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When Can I Let My Kid Brush His Own Teeth?

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As kids grow up, they will start to do many things on their own such as tie their shoes, dress themselves, and pack their backpacks before school. Of course, you may need to help them the first couple of times, but soon they’ll have a strong sense of independence and can tackle these tasks on their own. When it comes to the important duty of brushing their teeth, your pediatric dentist in Spring has some advice as to when your child can begin brushing on his own. 

Six Is The Magic Number
Before the age of 6, most children won’t have the dexterity or due diligence to brush their teeth on their own. During these early years, it’s important that a parent or guardian help little ones properly brush and floss every day. However, kids’ fine motor skills start to improve around the age of six, and it’s around that time when they can start taking over this responsibility. Keep in mind that during the transition, you may need to continue to supervise your child for a short period of time to make sure they’re brushing thoroughly. Additionally, knowing when it’s time to allow your child to brush their teeth alone is less about age and more about ability.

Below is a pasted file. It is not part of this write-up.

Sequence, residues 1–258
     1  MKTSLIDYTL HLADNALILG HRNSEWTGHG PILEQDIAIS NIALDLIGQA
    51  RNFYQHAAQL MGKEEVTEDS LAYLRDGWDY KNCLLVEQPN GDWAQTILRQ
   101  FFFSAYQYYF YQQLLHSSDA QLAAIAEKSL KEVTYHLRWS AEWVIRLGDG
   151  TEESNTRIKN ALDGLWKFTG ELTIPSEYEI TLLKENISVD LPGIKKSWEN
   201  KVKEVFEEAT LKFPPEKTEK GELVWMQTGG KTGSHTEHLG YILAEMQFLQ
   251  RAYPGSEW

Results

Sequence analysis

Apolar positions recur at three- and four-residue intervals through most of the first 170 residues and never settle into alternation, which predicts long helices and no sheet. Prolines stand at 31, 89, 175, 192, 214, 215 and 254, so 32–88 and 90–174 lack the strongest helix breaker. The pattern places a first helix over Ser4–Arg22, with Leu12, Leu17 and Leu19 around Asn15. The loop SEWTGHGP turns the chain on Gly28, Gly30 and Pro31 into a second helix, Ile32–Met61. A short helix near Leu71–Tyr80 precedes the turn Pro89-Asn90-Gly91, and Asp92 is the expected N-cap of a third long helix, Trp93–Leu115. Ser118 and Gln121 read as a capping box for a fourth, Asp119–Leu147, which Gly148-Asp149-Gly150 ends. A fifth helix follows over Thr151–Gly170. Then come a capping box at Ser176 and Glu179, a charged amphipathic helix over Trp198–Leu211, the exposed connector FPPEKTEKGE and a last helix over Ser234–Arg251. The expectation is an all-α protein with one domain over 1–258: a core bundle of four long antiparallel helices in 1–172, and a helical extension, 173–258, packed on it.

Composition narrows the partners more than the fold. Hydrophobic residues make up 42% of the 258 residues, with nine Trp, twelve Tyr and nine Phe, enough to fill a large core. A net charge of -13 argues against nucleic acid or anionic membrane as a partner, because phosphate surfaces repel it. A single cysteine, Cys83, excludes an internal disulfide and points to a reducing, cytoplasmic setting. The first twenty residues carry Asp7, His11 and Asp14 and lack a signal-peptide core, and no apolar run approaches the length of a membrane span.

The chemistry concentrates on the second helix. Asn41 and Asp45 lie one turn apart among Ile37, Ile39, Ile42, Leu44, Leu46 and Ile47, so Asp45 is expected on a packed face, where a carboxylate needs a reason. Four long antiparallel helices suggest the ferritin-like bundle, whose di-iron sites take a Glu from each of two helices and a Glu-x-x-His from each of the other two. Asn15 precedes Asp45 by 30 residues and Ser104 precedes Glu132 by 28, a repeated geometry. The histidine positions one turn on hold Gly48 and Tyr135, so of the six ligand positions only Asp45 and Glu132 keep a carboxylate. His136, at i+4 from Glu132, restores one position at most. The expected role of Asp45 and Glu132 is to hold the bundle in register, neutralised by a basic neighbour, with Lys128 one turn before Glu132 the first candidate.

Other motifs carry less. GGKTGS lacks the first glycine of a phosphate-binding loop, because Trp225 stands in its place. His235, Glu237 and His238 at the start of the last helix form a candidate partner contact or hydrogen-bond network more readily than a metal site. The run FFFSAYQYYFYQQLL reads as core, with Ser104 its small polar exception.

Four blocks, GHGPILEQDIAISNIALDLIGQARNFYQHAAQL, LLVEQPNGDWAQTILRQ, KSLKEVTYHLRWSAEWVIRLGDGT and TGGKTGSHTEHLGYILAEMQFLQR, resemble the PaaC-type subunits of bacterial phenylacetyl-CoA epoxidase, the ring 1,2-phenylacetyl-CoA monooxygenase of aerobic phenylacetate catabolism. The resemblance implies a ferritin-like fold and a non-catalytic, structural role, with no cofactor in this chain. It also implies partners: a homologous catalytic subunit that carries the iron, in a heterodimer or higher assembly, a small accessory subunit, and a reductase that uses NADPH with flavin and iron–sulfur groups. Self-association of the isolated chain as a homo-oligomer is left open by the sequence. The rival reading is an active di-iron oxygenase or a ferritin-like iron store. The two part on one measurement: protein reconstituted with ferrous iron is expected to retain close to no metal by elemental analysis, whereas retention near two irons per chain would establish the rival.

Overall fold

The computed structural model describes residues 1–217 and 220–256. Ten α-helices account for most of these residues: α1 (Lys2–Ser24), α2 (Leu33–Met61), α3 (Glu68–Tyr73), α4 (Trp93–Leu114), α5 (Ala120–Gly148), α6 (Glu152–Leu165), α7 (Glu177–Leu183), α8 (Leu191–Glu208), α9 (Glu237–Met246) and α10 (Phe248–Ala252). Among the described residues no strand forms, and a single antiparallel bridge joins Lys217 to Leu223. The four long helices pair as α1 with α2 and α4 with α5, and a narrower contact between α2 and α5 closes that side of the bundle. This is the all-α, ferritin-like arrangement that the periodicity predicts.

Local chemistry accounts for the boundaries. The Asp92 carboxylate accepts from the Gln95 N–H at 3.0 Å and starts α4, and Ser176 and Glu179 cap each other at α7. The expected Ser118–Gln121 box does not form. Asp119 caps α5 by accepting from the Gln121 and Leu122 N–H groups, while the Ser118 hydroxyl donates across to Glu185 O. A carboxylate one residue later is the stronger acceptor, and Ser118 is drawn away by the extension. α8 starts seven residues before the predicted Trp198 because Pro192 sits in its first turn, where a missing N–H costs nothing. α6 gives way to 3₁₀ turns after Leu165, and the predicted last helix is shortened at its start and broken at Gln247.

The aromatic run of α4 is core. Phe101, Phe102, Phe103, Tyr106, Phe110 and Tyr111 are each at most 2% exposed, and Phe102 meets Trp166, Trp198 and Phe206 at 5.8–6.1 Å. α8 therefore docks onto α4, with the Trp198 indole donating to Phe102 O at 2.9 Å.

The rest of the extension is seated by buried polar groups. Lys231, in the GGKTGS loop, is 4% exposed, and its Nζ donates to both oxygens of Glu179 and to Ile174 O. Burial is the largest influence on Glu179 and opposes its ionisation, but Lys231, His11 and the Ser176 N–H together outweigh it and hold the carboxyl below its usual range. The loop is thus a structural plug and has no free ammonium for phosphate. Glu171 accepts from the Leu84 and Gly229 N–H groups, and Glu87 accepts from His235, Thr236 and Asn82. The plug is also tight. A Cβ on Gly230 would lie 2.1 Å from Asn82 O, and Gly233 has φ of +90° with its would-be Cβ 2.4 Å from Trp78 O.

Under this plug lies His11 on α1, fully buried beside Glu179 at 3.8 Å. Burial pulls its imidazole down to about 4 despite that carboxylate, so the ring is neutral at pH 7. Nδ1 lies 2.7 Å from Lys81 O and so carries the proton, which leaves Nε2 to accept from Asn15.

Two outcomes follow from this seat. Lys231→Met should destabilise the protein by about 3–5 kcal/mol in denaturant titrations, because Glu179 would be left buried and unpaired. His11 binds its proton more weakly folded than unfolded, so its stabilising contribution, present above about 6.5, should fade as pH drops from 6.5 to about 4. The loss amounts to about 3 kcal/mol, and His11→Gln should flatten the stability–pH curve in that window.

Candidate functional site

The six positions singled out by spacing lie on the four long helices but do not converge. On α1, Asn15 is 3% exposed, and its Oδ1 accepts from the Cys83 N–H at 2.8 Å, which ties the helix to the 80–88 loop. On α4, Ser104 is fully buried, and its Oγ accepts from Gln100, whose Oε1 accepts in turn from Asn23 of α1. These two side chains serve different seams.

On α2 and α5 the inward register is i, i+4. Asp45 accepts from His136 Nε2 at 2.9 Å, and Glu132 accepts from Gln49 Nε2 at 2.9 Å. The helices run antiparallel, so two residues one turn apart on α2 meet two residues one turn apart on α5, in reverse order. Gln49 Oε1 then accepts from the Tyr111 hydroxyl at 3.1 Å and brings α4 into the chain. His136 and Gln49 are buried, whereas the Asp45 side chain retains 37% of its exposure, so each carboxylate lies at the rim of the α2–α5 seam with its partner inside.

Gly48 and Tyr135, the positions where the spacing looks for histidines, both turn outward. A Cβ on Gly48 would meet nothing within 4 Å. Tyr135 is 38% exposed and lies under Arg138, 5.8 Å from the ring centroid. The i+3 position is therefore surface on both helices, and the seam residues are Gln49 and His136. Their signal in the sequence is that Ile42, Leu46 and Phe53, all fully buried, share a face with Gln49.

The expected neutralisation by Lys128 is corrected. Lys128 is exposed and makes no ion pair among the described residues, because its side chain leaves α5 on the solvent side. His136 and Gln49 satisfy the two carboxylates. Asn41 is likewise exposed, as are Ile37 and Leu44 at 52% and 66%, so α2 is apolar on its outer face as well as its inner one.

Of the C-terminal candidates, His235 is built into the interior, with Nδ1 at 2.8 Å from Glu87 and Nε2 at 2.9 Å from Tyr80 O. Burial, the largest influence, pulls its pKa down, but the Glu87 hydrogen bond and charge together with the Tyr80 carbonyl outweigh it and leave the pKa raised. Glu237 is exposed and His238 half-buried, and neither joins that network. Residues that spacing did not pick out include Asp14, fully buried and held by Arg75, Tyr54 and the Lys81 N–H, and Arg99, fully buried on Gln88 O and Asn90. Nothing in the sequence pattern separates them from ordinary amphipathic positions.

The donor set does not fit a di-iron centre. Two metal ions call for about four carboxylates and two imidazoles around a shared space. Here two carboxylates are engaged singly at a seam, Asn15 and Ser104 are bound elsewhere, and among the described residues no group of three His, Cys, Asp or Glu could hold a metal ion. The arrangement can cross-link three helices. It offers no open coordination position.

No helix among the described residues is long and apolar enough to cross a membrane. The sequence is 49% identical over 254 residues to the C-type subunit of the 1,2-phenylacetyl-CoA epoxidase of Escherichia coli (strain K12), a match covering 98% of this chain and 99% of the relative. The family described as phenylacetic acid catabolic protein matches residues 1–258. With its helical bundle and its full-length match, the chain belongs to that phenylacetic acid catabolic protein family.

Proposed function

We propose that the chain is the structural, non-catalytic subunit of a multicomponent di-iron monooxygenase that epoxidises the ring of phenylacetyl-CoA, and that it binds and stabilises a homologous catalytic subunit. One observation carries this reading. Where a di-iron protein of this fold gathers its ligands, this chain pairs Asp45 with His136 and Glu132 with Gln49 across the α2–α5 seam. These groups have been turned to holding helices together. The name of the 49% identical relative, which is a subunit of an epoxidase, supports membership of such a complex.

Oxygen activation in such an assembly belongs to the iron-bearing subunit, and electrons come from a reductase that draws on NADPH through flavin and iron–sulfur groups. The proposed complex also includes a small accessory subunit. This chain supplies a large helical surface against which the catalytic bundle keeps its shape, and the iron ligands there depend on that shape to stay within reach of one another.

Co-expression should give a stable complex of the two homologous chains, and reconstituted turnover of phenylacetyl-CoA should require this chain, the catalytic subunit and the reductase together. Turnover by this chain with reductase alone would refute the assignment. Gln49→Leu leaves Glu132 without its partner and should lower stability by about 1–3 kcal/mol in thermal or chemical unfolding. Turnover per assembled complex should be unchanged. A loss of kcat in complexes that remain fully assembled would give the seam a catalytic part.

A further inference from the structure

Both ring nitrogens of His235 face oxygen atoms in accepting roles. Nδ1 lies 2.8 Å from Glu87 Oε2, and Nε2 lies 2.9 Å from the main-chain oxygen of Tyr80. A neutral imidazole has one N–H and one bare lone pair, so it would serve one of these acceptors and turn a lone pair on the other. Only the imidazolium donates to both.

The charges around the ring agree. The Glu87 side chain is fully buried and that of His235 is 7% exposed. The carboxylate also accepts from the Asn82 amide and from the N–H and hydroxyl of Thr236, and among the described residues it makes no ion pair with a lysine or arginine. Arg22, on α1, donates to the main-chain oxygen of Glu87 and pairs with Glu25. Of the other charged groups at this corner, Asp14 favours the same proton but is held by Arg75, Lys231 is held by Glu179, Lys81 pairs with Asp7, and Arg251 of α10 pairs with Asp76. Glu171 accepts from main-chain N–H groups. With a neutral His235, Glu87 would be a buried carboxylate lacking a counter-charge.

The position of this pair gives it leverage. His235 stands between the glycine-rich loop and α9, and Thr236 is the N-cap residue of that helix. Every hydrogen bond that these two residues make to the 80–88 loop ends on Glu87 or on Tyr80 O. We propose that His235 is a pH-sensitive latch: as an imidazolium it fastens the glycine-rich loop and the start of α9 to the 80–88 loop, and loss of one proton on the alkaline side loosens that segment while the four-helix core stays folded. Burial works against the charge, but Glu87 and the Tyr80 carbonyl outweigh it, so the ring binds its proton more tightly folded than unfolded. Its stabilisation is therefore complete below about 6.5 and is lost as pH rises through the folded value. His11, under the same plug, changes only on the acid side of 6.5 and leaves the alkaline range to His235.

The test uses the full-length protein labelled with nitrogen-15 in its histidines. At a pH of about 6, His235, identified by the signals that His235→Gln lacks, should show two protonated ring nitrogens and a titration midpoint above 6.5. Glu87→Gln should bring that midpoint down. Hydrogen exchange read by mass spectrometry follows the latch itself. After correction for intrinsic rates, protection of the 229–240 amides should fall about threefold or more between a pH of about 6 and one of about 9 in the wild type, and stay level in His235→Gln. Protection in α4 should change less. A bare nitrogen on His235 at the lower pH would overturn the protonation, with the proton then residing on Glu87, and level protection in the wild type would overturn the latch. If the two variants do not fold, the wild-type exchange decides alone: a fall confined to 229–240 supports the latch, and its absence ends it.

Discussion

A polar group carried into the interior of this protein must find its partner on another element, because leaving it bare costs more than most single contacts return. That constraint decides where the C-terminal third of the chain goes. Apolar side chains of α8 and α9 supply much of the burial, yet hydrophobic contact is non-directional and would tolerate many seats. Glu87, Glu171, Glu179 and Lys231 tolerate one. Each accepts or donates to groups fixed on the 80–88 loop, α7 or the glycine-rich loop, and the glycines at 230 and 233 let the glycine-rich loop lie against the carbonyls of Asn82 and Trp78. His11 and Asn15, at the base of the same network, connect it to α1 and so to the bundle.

How Do You Know If Your Kid Is Ready to Start Brushing Alone?
When it comes to the oral health of kids, it’s better to help them out for a little longer than necessary than it is to let them brush inadequately alone. Here are some tips from your pediatric dentist in Spring about what to look for to know when your child is ready to brush solo. 

  • Dexterity – Tiny hands can have trouble holding and moving a toothbrush around to all areas of the mouth and getting a thorough clean. A good guide to follow is when your child can effectively tie their own shoes, they probably have the dexterity to brush their teeth properly without mom or dad. 
  • Maturity – Taking care of our teeth by properly brushing and flossing them at home is one of the most important things we can do to keep our mouths healthy. This is especially true for kids. You want to make sure your child is mature and responsible enough to trust them to do this important task. If your little one knows to wash their hands regularly, do their homework, and complete their chores, you can probably start to transition to solo brushing. 
  • Understanding – There’s a reason your pediatric dentist in Spring recommends using only a small amount of toothpaste when brushing kids’ teeth. It’s important that they learn to spit the excess toothpaste out and not swallow it. Younger children can have a difficult time understanding how important this is as well as how to spit effectively. When your child can successfully spit on their own, they should be good to go.

Having your child take over the daily routine of brushing his own teeth is an exciting part of growing up. Remember, at-home oral healthcare is just as important as maintaining regular checkups with your pediatric dentist in Spring. Make sure to keep up with your dentist appointments every six months. 

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